a strong and comprehensive defense
Being charged with homicide in Virginia is an extremely serious matter, and a conviction can mean years to life in prison.
King Campbell’s team of highly-skilled defense attorneys understands what’s at stake in a homicide case and has the knowledge and experience.
From aggravated murder to DUI involuntary manslaughter, we will work tirelessly to protect your legal rights and freedom.
Additionally, it’s important to fully understand the charges against you and their associated penalties.
Keep reading for the most up-to-date and complete homicide information in Virginia.
Aggravated murder is considered to be the most egregious form of homicide, with especially heinous circumstances.
It’s a Class 1 felony. In order to qualify as aggravated murder the killing must be willful, deliberate, premeditated, and must be the killing of a:
- Prisoner or individual in custody
- Law enforcement officer or a firefighter with police authority
- Pregnant woman
- Person less than 14 years old (if the suspect is 21 years or older)
- Judge in order to interfere with his/her official duties
- Witness in a criminal case to prevent them from testifying
- More than one person with a single crime
- Two people in a three-year time span
A Murder That Takes Place:
- During an abduction or kidnapping
- During a robbery
- Before or after a rape
- During a crime that involves a Schedule I or II controlled substance
- During an act of terrorism
Additionally, orchestrating a successful murder by hiring another individual to carry out the crime is also considered an aggravated murder offense in Virginia.
The punishment for an aggravated murder felony conviction is life in prison and up to a $100,000 fine if the perpetrator is over 18 years old and not mentally retarded. If you've been charged with homicide, contact our attorneys now at (703) 468-8557.
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“My case became so complex and Evelyn managed to be one step ahead each time. She kept me updated at every step.” - Rinku S.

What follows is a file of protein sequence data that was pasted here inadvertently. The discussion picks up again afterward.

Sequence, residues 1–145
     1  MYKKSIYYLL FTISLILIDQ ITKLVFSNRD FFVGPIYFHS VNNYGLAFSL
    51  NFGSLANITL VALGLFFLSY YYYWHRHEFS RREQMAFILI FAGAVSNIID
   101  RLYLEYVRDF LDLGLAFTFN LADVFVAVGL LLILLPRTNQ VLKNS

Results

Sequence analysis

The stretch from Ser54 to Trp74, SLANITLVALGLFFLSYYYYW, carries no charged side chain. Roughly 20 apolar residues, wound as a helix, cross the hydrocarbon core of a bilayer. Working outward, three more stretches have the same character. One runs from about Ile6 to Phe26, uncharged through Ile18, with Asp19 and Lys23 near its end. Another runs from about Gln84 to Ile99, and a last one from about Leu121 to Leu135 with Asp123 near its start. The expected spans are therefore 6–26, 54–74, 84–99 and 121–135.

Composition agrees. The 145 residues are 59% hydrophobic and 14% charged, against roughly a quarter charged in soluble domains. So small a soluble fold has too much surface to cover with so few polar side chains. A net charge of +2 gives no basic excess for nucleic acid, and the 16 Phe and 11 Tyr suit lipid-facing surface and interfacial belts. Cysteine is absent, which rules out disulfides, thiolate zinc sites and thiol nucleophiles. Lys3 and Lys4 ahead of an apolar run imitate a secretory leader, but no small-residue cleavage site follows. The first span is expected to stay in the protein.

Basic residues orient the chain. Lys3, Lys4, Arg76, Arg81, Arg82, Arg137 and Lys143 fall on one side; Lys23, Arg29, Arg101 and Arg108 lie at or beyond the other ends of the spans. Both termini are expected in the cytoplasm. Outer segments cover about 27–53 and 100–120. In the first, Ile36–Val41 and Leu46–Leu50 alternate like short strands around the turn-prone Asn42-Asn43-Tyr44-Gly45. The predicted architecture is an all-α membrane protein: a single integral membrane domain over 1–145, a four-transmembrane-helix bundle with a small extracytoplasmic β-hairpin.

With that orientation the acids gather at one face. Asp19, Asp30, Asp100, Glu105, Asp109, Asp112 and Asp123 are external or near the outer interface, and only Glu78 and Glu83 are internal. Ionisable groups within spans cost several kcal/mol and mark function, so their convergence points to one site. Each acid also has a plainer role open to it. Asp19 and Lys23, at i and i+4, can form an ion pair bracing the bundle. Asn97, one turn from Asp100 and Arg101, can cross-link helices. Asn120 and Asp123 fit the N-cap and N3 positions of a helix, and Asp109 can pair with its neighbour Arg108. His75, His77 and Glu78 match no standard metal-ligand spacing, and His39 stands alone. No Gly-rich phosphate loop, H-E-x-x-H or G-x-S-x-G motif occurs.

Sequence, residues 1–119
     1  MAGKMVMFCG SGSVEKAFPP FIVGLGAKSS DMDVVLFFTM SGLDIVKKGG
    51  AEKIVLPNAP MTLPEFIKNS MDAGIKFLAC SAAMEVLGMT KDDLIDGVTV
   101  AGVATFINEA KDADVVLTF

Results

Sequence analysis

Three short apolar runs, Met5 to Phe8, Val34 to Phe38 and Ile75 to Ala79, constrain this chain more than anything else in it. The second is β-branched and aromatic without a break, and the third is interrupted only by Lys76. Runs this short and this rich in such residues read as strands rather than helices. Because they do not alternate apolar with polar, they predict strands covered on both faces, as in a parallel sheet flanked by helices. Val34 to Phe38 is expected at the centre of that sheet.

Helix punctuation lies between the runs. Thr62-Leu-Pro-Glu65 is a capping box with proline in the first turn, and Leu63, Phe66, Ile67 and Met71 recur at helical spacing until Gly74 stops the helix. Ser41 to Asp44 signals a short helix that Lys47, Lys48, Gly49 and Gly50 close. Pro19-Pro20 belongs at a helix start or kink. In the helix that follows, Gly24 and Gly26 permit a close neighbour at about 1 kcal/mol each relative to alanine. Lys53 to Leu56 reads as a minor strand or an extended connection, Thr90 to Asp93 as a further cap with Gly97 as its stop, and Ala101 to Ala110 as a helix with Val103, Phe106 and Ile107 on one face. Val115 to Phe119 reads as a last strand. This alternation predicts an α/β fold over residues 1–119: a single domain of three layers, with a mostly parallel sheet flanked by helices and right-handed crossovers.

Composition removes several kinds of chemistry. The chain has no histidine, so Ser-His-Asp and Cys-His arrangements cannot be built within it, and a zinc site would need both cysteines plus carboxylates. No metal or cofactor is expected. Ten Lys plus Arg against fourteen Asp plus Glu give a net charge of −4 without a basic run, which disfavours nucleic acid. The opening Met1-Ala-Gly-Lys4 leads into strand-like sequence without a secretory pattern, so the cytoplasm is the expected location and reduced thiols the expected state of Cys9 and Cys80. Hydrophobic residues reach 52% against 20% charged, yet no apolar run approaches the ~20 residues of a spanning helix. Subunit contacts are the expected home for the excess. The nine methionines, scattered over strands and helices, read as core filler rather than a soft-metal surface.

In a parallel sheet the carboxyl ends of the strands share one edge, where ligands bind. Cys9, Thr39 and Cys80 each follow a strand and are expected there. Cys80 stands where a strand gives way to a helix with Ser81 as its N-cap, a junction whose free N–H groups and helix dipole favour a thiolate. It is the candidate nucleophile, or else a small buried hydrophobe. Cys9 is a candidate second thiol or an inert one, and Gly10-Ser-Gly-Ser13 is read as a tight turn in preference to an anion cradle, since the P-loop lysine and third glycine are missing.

“Mr. Sherlock is definitely for the people he represents.” - Evin R.
What to Do If You’re Charged with a Homicide?
If you’ve been charged with homicide, it’s important to know your legal rights and have access to a quality defense.
The attorneys at King Campbell Poretz Mitchell, PLLC have extensive experience developing powerful defense strategies in cases of aggravated murder, first degree murder, second degree murder, felony homicide, voluntary manslaughter, involuntary manslaughter, and DUI involuntary manslaughter.
Our meticulous and detailed-oriented criminal defense attorneys will perform an in-depth review of your case and take every measure possible to challenge your homicide charges, including any improper actions on the part of law enforcement.
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First Degree Murder
First degree murder is a premeditated, malicious, and intentional killing that does not meet the criteria for aggravated murder. According to homicide information in Virginia, it is considered a Class 2 felony, and if convicted, the individual faces 20 years to life in prison and fine up to $100,000.
Second Degree Murder
When a killing is without premeditation, but malice and intent can be proved, it’s considered murder in the second degree. The punishment is a felony conviction with five-to-40 years in prison.
Felony homicide is a considered 2nd degree murder. It’s the result of someone being accidentally killed while a non-murder felony is being committed. The penalty for this crime is a felony conviction with five-to-40 years in prison.
Voluntary manslaughter is when an intentional killing takes place without malice and occurs during mutual combat or from provocation. Involuntary manslaughter is an unintentional homicide that occurs due to a criminal act or omission by the perpetrator. This is the case with DUI involuntary manslaughter, which requires an attorney with extensive knowledge and experience in the law of homicide and law of DUI.
Voluntary, involuntary, and DUI involuntary manslaughter are all Class 5 felonies, and the penalty can be felony conviction with one to 10 years in prison or a lessened penalty of up to 12 months in jail and/or a fine of up to $2,500.